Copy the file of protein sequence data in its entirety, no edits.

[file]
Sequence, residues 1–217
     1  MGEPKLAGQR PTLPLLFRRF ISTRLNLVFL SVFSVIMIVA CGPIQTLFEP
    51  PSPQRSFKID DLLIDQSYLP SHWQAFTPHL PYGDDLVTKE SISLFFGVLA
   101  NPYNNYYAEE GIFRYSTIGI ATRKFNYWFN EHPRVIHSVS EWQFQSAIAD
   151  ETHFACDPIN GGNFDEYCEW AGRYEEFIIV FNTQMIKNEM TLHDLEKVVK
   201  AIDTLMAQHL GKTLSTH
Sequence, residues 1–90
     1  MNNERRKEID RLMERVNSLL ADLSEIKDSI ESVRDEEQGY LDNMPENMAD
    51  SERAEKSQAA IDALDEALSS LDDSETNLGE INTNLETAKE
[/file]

Sequence, residues 1–217
     1  MGEPKLAGQR PTLPLLFRRF ISTRLNLVFL SVFSVIMIVA CGPIQTLFEP
    51  PSPQRSFKID DLLIDQSYLP SHWQAFTPHL PYGDDLVTKE SISLFFGVLA
   101  NPYNNYYAEE GIFRYSTIGI ATRKFNYWFN EHPRVIHSVS EWQFQSAIAD
   151  ETHFACDPIN GGNFDEYCEW AGRYEEFIIV FNTQMIKNEM TLHDLEKVVK
   201  AIDTLMAQHL GKTLSTH
Sequence, residues 1–90
     1  MNNERRKEID RLMERVNSLL ADLSEIKDSI ESVRDEEQGY LDNMPENMAD
    51  SERAEKSQAA IDALDEALSS LDDSETNLGE INTNLETAKE